Winged Foot (East)

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Winged Foot Golf Club is a club with two 18-hole golf courses located in Mamaroneck, New York. The course architect is A. W. Tillinghast, who also designed Baltusrol (Lower), Bethpage Black, Suburban Golf Club, Shackamaxon Country Club, San Francisco Golf Club, Cedar Crest Park, and nearby Quaker Ridge Golf Club, Scarboro Golf and Country Club in Toronto and Wykagyl Country Club. Winged Foot Golf Club was founded in 1921, by a consortium consisting mainly of members of The New York Athletic Club. The club gets its name and logo from the NYAC’s logo, but the two have never had any direct affiliation. Opened 93 years ago in June 1923, application for membership to Winged Foot G.C. is by invitation only.

Few courses have as rich of a history as the Tillinghast 36 hole offering at Winged Foot in New York. The storied East and West courses combined have hosted the U.S. Open five times (1929, 1959, 1974, 1984 and 2006), U.S. Amateur twice, Women’s U.S. Open twice, Senior U.S. Open once, and a PGA Championship (1997). The 2006 U.S. Open went down in history for two major reasons; it was the first time Tiger Woods had missed the cut at a major in his professional career and it was Phil Mickelson’s worst eternally haunting 72nd hole of his career.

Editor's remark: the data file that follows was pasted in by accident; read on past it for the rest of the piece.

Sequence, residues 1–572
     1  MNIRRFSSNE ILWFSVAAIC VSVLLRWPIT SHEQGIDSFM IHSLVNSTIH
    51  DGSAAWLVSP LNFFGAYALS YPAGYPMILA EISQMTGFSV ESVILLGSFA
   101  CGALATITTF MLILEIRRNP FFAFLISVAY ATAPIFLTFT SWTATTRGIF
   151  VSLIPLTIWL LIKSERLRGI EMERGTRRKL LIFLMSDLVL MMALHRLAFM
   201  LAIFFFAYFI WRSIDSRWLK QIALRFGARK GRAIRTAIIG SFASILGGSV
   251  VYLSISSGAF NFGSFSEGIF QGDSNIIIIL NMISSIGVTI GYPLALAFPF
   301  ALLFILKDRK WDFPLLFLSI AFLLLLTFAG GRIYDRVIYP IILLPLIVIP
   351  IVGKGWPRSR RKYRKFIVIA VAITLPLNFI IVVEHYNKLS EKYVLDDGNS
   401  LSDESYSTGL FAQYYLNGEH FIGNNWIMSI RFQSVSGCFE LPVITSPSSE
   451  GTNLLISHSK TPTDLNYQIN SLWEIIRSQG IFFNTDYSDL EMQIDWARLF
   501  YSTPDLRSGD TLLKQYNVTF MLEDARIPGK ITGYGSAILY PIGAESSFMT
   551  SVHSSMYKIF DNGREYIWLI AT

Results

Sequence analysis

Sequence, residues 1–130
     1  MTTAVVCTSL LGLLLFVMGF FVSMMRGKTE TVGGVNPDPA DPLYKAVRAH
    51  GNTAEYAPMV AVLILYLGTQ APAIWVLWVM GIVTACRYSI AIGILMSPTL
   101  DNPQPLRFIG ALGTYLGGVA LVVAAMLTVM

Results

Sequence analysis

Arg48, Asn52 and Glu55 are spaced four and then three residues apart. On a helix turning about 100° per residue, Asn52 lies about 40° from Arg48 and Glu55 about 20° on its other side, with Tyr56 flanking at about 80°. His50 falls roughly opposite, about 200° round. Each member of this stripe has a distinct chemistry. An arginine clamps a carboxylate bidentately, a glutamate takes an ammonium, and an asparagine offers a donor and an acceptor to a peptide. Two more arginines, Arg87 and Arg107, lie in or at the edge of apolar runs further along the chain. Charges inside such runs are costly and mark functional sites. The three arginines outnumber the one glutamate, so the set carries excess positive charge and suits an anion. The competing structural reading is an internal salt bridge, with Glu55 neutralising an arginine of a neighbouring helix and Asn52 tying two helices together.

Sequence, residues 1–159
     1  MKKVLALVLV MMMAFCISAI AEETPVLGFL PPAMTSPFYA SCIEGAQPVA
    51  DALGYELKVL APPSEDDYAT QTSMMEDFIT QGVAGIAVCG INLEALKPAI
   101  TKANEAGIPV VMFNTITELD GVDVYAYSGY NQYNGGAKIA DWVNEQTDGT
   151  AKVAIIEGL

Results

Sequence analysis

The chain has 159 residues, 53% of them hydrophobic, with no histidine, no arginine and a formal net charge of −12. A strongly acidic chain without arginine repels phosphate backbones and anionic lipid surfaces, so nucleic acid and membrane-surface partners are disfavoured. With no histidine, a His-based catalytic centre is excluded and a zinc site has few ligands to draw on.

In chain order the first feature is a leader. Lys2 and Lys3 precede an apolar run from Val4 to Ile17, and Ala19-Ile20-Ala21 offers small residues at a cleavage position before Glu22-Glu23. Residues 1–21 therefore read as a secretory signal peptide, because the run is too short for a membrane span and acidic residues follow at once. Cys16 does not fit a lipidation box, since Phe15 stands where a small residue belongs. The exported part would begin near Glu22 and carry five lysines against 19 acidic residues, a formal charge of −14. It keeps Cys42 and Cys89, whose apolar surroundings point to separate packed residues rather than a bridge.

Winged Foot is located on a mostly flat piece of property with tons of trees lining every hole. To add character and challenge to the course, Tillinghast raised virtually every green site and surrounded the putting surfaces with bunkers. These green sites are the brilliance behind the Winged Foot design especially since the fairways leave little distinguishment. The collection of par threes on the West course paired with the 13th from the East course are Winged Foot’s greatest pride; particularly the 10th hole that Tillinghast claimed was the best par three he ever built. In terms of stature and amenities, Winged Foot is tough to trump given the two story locker room and maybe the most attractive clubhouse in the country with an exterior that was built from the stone and rock found on the property.

In conclusion, you won’t find a more dedicated group of members to the game of golf than those at Winged Foot. Players walk the course with a caddy carrying their clubs and the historic roots of the game are celebrated. The tree lined fairways and slight doglegs that appear on so many holes make the course a bit unmemorable off the tee but the green complexes are as good as anything you’ll ever encounter.

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